Stuart Taylor is Managing Director of Mentor FLT Training Limited, the UK’s leading provider of training and associated services for all types of workplace handling and transport equipment.
For anyone who works around forklifts, safety awareness is essential. Indeed, in recent years, 43% of forklift incidents reported by RIDDOR in the UK all involved impacts with another person.
And now, with labor shortages affecting the logistics industry, companies may need existing/temporary staff to cover unfamiliar roles or new entrants to work alongside forklift operators for the first time. It is crucial that pedestrians can work safely, as they are most at risk in the event of a forklift accident.
On average, 1,300 people are seriously injured each year in forklift accidents in the UK. But with the right measures implemented and followed, these types of incidents can almost always be avoided.
Here, we take a closer look at simple, cost-effective steps you can take to reduce the risk of accidents, meet your legal health and safety obligations, and ensure everyone knows what they should – and shouldn’t. not – do on the spot.
Forklifts and pedestrians should be physically separated, whenever possible. Using physical segregation measures, such as barriers, designated areas or separate traffic lanes to keep them apart, will significantly reduce the risks.
Recently in the UK, a company was fined £600,000 after an employee suffered life-changing injuries after being hit by a forklift. The HSE investigation found that the company had failed to implement traffic management arrangements, including vehicle separation.
2. Assess each shared access point
When identifying where pedestrian and forklift paths may intersect, be sure to consider all areas, including pedestrian entry and exit points and the sides and ends of aisles where visibility is reduced. Also, don’t forget the battery loading areas, where forklifts can enter/exit frequently while others can dismantle and load their trucks.
3. Develop SSOW
Where complete separation is not possible and staff must perform tasks in a shared area, other control measures should be in place to separate them.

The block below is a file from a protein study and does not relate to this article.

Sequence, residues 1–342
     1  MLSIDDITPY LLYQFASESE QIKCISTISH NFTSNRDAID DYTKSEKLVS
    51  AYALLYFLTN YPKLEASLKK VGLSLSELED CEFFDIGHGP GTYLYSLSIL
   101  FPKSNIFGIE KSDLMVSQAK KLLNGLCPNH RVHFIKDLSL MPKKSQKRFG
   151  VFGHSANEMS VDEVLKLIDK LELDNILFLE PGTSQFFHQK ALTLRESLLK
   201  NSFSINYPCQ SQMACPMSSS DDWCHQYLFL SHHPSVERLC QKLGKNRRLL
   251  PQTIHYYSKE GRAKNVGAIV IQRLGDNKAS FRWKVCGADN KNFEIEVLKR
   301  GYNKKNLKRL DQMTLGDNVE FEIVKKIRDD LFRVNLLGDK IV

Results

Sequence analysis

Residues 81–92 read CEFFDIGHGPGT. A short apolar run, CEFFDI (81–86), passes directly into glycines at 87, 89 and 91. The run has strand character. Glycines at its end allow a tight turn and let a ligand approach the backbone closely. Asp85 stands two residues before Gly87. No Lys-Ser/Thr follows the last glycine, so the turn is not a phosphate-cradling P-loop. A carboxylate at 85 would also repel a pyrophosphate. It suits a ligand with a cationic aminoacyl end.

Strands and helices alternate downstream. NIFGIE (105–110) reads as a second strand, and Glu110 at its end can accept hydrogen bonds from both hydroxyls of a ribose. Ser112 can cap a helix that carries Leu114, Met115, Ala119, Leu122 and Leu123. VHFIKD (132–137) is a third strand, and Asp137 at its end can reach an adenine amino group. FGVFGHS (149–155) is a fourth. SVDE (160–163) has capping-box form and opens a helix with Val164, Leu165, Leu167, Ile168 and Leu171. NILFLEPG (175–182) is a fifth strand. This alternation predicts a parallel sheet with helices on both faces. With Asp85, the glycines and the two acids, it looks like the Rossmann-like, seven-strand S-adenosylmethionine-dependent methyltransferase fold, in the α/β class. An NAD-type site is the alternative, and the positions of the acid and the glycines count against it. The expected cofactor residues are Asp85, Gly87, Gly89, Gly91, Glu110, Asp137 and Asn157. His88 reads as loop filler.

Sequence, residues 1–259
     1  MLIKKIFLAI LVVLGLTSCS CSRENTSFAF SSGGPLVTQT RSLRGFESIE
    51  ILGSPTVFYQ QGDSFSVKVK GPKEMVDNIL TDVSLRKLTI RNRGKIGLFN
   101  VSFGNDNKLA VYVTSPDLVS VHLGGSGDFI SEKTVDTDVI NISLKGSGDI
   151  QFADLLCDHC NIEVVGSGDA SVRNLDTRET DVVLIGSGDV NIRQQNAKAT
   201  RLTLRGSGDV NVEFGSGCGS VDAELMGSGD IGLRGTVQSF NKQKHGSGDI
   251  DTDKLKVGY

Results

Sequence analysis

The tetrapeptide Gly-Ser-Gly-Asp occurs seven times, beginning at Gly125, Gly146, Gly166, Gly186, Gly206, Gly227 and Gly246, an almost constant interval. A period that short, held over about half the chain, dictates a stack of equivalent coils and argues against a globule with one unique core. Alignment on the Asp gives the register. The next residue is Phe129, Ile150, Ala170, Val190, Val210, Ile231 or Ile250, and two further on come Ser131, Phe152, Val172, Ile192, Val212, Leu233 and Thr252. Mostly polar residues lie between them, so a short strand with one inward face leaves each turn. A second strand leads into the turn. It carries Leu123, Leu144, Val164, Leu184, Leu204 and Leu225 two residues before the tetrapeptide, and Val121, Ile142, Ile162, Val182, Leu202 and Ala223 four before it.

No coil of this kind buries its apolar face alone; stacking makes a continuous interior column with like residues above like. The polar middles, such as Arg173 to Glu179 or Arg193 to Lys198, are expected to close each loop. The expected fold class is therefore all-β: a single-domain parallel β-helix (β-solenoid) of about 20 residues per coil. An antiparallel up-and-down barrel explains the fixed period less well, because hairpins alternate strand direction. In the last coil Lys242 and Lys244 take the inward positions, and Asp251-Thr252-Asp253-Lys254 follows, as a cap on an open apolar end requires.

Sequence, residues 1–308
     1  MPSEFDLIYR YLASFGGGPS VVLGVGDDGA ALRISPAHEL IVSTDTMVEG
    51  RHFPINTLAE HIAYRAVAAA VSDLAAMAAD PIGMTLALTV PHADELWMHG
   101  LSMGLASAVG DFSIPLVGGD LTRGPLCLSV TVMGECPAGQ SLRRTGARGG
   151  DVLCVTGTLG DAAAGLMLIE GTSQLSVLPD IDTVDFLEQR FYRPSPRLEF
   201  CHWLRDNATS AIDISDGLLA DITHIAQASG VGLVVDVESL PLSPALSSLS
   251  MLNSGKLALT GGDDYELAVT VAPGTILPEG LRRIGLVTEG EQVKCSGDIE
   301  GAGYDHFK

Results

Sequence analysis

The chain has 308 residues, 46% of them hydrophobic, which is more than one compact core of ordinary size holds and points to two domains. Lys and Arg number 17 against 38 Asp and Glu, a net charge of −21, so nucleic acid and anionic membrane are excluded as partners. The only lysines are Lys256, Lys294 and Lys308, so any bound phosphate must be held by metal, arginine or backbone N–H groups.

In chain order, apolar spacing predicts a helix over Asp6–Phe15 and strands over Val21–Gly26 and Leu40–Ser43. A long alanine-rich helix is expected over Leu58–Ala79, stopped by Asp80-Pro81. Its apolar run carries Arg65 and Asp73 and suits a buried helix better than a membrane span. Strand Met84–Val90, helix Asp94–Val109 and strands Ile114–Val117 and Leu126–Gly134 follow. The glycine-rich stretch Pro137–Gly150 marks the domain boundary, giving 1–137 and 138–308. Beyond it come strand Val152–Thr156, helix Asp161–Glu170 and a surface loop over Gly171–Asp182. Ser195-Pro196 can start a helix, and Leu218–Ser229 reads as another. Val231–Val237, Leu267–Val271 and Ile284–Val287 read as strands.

Safe Systems of Work (SSOW) based on specific task risk assessments will ensure that all parties understand how to perform their tasks safely, while maintaining appropriate distances between forklifts and pedestrians.
Safe work systems designed to keep pedestrians safe may include measures such as:
Demarcation – such as walkways and level crossings
Adequate lighting/blind spot mirrors – to maximize visibility
Audible warnings and beacons – installed on trucks to signal their presence
· Time rotation – try to schedule shifts so that forklift and pedestrian tasks are not performed simultaneously in the same area
Personal Protective Equipment – all staff should wear their PPE to ensure it is as visible as possible
Clear signage — instructions for drivers and pedestrians, clearly displayed in all relevant languages
· Safety distance procedure – if a pedestrian comes too close to a forklift, the operator must switch off the ignition and remove the key.
Basically, once created, the SSOW should be shared with anyone who may be affected by it, including anyone who may have to cross operating areas, however infrequently.
4. Equip Managers with the Skills to Monitor Effectively
It is essential that managers understand the need to monitor operations to ensure that the SSOW is followed on a day-to-day basis and that any bad practice is rectified. There is specialized training available for those who oversee forklift operations, designed to ensure that managers and supervisors know how to fulfill their safety responsibilities and why this is so important. In the UK, be sure to look for accredited courses that help businesses meet the requirements of the L117 Approved Code of Practice.
5. Awareness Training for Pedestrians
Most companies understand the importance of providing training for their forklift operators, but many overlook those who work around them and are most at risk of injury. There are many safety awareness courses that can help pedestrians understand the dangers of working around forklifts and the role they can play in minimizing the risks. Ensure that training is provided to all newcomers working near SME; for example, in the context of inductions. Some training materials may also be suitable for visitors who, even if they are only temporarily on the site, will need to be informed of the risks they may encounter and how to stay safe on your site.
By developing a properly trained workforce that understands the risks and an enduring safety culture that includes everyone, you can support everyone who works around site forklifts and create a safer workplace for everyone.